Here are four things we saw during the game: two good, two not so good.
Good: This team is mentally tough
When a thirteen-point halftime lead evaporates in less than six minutes, on the road, in an arena where your team hasn’t won in more than two decades, against an opponent you’ve only beaten three times in the last fifteen years—that’s a moment that checks the mettle of any team.
Virginia found themselves in precisely that spot at the 14:20 mark of the second half. A Duke offense that couldn't hit anything for twenty minutes suddenly couldn't miss. And the exact opposite was happening whenever UVA touched the ball. Any Virginia fan—heck, any ACC fan—can tell you what comes next so often when you’re playing Duke: their athletes run, their shooters drop bombs, and you limp home with a big fat L.
Not these Hoos, and not today. Whether it was Ty Jerome’s dagger or Kyle Guy’s cucumber-cool free throws, Virginia demonstrated it had the guts to power through and pick up one of the bigger wins of Tony Bennett’s tenure in Charlottesville.
Bad: Zone defenses give this team fits
So why did that lead go away so fast? The 2-3 zone that Duke dropped into after halftime completely threw UVA out of its rhythm—and the defense suffered as a result. It’s a phenomenon Virginia fans have seen before.
Best any ACC offense has done against Virginia is still Syracuse: 1.06 points per trip. Duke slides in at second: 0.97.— John Gasaway (@JohnGasaway) January 27, 2018
Isaiah Wilkins’ sudden inability to hit elbow jumpers was a big part of the slump, and you have to expect that is a foible that won’t happen every time out. Bennett also did a good job of rotating ball handlers and other shooters into the soft spot at the free-throw line, which is when the Hoos started breaking down Duke’s defense.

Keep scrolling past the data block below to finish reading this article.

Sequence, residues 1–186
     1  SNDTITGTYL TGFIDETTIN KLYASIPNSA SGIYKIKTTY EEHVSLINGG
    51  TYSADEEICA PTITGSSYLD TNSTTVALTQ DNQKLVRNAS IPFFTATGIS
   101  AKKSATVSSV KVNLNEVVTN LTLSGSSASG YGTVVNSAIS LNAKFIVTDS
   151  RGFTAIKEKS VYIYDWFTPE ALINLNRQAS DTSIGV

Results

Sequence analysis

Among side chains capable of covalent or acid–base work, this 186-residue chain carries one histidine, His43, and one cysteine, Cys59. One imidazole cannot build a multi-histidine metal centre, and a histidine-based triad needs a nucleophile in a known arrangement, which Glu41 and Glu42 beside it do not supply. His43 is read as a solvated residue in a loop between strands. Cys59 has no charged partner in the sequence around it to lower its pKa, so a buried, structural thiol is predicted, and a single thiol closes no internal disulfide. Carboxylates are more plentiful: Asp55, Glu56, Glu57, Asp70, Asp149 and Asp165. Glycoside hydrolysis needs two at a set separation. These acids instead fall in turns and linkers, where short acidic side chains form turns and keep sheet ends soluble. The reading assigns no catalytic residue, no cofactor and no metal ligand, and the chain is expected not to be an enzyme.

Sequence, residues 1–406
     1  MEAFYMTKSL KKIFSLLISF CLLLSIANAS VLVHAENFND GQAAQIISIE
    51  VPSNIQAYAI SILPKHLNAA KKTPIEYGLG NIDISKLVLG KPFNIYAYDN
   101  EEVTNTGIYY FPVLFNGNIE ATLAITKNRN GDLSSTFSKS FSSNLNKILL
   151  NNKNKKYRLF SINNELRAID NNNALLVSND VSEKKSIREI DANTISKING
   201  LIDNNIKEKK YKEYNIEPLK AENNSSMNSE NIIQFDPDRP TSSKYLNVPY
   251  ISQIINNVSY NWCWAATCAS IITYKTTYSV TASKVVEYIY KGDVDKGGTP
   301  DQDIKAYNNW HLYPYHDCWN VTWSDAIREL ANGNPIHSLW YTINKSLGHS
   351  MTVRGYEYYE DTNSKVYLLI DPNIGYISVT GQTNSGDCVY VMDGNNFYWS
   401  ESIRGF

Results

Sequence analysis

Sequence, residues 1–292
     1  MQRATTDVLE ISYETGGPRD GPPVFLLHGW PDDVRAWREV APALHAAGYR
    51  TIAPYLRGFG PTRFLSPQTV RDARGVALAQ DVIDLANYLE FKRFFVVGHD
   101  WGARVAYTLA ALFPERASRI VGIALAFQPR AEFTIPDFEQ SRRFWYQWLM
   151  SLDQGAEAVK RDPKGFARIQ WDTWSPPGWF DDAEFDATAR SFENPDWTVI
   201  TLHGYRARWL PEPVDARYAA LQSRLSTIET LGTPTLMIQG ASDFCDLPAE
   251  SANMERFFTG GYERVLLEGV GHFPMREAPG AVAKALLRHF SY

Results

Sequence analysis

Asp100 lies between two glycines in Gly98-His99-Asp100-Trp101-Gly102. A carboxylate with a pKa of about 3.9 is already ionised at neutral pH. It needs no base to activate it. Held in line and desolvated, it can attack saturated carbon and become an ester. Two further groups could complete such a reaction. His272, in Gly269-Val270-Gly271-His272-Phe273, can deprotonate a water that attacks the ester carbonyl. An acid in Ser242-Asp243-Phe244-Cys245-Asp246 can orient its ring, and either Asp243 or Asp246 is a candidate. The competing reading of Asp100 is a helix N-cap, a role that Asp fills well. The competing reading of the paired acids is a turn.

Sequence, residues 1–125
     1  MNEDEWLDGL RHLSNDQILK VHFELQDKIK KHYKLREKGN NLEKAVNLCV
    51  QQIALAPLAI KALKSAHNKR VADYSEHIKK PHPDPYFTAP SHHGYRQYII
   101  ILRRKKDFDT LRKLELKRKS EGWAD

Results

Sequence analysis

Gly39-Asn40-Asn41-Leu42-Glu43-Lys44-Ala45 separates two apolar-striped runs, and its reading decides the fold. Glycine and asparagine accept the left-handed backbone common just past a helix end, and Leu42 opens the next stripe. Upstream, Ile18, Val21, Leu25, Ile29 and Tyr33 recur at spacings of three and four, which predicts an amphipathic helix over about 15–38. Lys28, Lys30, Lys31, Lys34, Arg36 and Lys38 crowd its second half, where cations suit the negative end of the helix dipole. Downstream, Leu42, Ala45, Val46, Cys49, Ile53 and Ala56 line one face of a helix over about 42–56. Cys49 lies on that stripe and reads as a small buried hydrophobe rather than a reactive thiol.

But if you’re an opposing coach, and a 2-3 zone is in your defensive arsenal, you’ve got to be looking at rolling it out early and often when you play UVA. And don’t look now, but a return visit to the Carrier Dome looms on the Hoos’ schedule in just one week.
Good: DeAndre Hunter continues to be a difference maker
DeAndre Hunter was one of those guys who took over from Wilkins. His willingness to put the ball on the floor against Duke’s bigs led to several easy layups. For seven minutes in the second half, Hunter alone was responsible for more than half of UVA’s points as a team.
His combination of length, speed, and strength allowed Bennett to throw multiple defensive looks at the Blue Devils at the other end of the court. Hunter may be one of the most valuable ball-screen defenders in the program, since he can either hedge and stick on the ball handler or switch and play inside against a screening big who rolls back to the hoop. His continued development may be the barometer for where Virginia’s ceiling will be for the next several years.
Bad: DeAndre Hunter sprained his ankle
Be honest: you thought the game was over when Hunter rolled off the side of Wendell Carter, Jr.’s foot, didn't you? The guy who had been The Answer to Duke in the second half could barely put weight on his right leg, and Ethan Saliba had to put what looked like ten rolls of tape on him just to get Hunter back to the bench.
Bennett gave a tentative confirmation of the injury during his postgame remarks.
Bennett said that De’Andre Hunter has an ankle sprain, per the team doctor.— Justin Ferber (@Justin_Ferber) January 27, 2018
Hunter’s health will be the topic of conversation around every Cavalier water cooler for the foreseeable future. (But at least it’s not his appendix?) Virginia’s odds at Syracuse may well turn on whether Hunter is back in the lineup.
For now, though, the bottom line is this: UVA’s ACC winning streak is alive, the losing streak in Durham is dead, and Virginia is two-and-a-half games clear of the next closest team in the conference standings. Enjoy that.